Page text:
Pippin Hill Farm & Vineyards sits on 41 acres over looking the rolling foothills of the Blue Ridge Mountains. The grounds are composed of vineyards, kitchen gardens, flower gardens, 8 acres of natural areas made up of native flowers & grasses as well as dedicated livestock areas.
The Farm at Pippin Hill
30% of the food we eat depends on pollination. And the decline of the bee population nationwide is a very real concern and something we take to heart at Pippin Hill. So, in 2019 we partnered with a local honey company and established an apiary housing between 3 – 5 honeybee hives. Having honeybees on the property helps with pollination of our vegetables, fruits and flowers on the Farm and give us bigger yields of these crops. The bees can forage up to a 3-mile radius of their hives so they are also aiding with the pollination of the fruit orchards in the North Garden area. If we happen to have a surplus of honey, we will
harvest it and it will be used in our kitchen. But the honey is purely a byproduct of managing honeybees, our main goal is to aid in the plight of the honeybee and to be good stewards on the land.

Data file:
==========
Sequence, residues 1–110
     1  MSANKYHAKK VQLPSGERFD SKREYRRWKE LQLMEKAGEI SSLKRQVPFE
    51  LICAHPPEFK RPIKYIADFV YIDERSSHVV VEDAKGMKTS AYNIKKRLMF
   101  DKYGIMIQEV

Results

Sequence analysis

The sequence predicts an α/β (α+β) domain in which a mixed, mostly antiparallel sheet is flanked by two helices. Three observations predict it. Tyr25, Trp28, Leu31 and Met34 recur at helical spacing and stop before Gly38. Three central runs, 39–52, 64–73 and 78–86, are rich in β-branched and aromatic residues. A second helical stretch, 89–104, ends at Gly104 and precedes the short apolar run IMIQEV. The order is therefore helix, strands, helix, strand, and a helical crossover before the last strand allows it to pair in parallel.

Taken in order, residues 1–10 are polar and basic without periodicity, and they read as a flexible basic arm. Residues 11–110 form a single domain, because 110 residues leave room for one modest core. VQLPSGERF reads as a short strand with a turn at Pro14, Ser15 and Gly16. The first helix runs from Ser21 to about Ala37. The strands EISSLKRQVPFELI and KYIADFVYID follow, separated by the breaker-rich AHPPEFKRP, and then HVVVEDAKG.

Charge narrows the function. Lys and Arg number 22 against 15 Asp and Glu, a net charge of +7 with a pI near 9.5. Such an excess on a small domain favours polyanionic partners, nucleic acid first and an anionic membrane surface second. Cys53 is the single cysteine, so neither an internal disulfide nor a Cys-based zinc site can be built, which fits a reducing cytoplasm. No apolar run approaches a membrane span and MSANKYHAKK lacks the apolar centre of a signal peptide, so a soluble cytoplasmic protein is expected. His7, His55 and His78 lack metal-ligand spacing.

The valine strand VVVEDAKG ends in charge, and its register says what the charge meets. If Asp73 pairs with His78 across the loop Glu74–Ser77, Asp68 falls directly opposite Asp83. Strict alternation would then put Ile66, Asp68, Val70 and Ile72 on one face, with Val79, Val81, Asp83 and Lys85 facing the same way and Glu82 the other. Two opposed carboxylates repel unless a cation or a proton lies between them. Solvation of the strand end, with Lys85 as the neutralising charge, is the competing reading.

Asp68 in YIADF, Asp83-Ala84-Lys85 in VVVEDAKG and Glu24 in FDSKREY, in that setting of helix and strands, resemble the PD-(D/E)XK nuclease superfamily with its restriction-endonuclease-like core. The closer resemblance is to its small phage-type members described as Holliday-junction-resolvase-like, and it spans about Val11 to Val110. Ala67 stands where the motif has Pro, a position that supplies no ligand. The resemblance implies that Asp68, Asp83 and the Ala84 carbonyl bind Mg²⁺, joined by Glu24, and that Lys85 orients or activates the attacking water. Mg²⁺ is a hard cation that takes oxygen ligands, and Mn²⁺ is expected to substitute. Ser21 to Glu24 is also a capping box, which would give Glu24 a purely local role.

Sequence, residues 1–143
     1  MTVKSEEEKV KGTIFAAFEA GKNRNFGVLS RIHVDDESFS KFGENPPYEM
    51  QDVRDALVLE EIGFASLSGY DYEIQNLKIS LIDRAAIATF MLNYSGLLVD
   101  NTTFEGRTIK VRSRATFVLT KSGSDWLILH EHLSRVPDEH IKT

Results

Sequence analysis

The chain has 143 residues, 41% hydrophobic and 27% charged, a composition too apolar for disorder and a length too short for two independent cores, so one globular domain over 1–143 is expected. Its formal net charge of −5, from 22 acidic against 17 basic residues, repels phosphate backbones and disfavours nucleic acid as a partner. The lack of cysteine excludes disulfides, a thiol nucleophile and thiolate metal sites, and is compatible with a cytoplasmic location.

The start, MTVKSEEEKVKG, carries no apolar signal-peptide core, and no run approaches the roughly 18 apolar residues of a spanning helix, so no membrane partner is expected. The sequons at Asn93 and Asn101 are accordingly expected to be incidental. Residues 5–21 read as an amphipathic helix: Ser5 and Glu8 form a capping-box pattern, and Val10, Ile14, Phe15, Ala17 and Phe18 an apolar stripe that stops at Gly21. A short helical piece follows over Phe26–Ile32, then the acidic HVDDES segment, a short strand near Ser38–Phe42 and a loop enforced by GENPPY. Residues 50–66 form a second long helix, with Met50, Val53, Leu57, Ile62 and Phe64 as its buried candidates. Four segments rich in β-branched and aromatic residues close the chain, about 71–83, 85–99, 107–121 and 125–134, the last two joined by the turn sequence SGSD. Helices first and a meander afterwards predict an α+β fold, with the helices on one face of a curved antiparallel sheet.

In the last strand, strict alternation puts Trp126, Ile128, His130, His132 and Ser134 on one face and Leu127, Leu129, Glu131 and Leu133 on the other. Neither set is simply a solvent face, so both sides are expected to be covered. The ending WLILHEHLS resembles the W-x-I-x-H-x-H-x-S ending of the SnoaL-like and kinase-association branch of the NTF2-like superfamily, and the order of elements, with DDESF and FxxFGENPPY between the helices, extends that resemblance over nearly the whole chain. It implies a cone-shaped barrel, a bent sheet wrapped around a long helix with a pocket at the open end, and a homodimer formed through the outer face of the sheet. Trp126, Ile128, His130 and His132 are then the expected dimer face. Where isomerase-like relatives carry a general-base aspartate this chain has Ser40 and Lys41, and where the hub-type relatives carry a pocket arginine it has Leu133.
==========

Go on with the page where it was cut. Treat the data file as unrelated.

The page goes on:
Egg laying hens were added to the Farm at Pippin Hill in 2018 to provide eggs for the kitchen. We generally have between 10– 15 hens that are all good egg layers, friendly and hardy breeds. Some of breeds include Rhode Island Reds, Buff Orpingtons, Blue Wyandottes, Speckled Sussex, and Ameraucanas. Our Chefs like to use the eggs for their delicious dessert creations.
The kitchen gardens are divided into three areas: the herb garden, the Reserve Room garden beds where greens & lettuces are grown and the lower vegetable garden where larger vegetables are grown like tomatoes, squash & peppers. The kitchen garden plan is developed in January by the Head Gardener Diane Burns and her gardening team, and Chefs Ian & Victoria. When they meet to discuss garden plans, the Chefs share next year’s menu and what they would use in the kitchen, so that the gardening team can suggest vegetables & herbs that are good producers in the garden. It is this collaborative effort in which the three-season garden plan is developed for the year. The flower gardens yield an array of colorful flowers to be cut for the Tasting Room arrangements as well as types that are ideal for pollinating for our honeybees. The flower gardens also provide floral material for our annual cut flower workshops. Edible flowers are also grown for the kitchen to be used as garnish and to enhance the flavors of Pippin Hill dishes.